When I first began working with the Board in February, I heard a great many encouraging things: that the owners were committed to upgrading hardware in a timely fashion and ahead of the usage curve, that the board was interested in hearing the views of users, and so on. Despite the concern I had going in, after the meeting I was fairly optimistic.
Over time, I came to realize that these words were not being backed up with action. Not only was the capital investment needed for the promised improvements not forthcoming, not only did the new half-owner continually put off logging on and making himself known to the active users to forestall a litle of their apprehension about his plans, but I saw no signs even of serious consideration being given these matters, much less serious work devoted to planning.
Nonetheless, I believed the board members were acting in good faith. I tried to point out the urgent need to solve some of these problems. I saw the General Director advise the owners to turn their attention to the immediate issues. I saw both of us courteously ignored.
I've always felt that optimism is a virtue. I've tried not to lose sight of that in this situation. But I can no longer operate under the assumption that the current owners have or will form a coherent plan which will enable the WELL to survive. I cannot ethically continue to lend my support, as a nominal director of the WELL, to the direction of this business as currently driven. I know a lot of people here trust me; I will not betray that trust by allowing them to go on thinking I believe there is grounds for hope in the current owners.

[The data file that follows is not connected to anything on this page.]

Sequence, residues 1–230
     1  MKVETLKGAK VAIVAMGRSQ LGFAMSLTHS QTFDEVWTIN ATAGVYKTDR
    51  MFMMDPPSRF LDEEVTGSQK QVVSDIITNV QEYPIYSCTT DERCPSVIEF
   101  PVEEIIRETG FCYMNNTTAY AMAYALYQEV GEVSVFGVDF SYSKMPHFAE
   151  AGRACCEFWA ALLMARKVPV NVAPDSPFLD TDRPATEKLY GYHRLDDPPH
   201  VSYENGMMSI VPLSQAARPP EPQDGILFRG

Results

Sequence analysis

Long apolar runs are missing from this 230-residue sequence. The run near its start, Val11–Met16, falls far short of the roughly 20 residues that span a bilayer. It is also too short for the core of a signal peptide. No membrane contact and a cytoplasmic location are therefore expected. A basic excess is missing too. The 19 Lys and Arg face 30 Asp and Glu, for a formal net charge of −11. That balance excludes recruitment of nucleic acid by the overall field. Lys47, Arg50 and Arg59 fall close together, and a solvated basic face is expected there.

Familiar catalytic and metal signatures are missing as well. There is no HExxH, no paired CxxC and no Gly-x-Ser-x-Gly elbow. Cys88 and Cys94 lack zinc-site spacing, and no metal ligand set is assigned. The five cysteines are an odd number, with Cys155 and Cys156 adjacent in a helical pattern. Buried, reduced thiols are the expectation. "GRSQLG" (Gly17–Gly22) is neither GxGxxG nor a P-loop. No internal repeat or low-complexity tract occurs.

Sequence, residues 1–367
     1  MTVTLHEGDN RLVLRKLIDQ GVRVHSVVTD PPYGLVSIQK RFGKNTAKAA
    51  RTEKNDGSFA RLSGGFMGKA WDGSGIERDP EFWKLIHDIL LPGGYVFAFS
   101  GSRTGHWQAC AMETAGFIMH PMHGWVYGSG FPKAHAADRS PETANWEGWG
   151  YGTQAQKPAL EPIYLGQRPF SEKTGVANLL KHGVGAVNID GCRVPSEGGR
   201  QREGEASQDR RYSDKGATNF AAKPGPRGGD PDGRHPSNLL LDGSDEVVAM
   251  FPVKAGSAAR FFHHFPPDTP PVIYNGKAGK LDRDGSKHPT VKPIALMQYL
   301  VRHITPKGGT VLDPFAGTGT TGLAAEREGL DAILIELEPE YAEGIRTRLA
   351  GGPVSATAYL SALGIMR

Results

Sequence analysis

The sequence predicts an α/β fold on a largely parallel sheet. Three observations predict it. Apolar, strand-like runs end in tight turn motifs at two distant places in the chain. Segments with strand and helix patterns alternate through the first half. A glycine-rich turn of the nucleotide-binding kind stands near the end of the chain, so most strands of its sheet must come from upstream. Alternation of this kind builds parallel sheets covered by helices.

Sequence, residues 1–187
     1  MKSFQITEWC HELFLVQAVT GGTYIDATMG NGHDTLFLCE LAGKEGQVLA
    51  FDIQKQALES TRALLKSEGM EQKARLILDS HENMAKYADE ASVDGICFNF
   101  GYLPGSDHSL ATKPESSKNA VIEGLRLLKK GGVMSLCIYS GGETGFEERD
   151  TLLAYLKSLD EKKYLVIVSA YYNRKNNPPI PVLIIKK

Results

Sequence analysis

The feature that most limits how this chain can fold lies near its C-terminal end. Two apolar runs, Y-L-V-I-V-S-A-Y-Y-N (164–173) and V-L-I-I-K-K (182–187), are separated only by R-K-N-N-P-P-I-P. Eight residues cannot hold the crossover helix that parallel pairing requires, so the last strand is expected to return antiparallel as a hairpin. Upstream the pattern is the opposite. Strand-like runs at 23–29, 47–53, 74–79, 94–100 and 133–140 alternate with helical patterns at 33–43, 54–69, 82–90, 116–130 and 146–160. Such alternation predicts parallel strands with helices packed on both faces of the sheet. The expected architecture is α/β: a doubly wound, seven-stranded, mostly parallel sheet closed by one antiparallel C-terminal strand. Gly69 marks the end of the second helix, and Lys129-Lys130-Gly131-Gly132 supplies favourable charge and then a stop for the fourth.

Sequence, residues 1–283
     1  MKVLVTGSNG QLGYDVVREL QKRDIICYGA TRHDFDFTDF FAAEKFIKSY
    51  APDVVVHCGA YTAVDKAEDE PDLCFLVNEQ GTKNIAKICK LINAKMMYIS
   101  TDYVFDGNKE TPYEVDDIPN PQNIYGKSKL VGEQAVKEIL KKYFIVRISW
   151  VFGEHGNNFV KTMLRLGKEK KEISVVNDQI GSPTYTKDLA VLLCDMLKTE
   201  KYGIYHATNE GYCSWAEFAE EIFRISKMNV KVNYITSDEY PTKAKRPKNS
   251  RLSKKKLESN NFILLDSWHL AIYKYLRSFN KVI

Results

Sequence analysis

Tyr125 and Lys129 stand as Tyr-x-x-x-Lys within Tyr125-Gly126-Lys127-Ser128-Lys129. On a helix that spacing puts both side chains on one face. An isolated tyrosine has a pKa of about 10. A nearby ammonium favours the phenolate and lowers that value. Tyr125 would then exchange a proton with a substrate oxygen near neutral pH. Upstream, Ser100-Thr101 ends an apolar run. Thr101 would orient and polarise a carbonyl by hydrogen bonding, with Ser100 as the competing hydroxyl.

I see the same signs of trouble in the community that others have noticed; I see an increase of tension, a lessening of the helpful spirit, and a greater willingness to engage in pointless argument than I can remember seeing here. But I am convinced that these things are happening, not because our community is somehow blighted, but because it is intertwined with an organization that has become dysfunctional.
The fact that Internet access is still not fully enabled (except for a small group), months after the connection was initiated, is one manifestation of this problem.
The drastic attrition of valuable staff members, including the entire management team, over the last year is another.
The difficulty of getting answers to technical questions about the service is a result of insufficient staffing, particularly over the period surrounding the upgrade. Technical staff have necessarily made keeping the system running their highest priority, with little time left over to check bug reports, answer users' questions about the status of the system, and fix minor problems.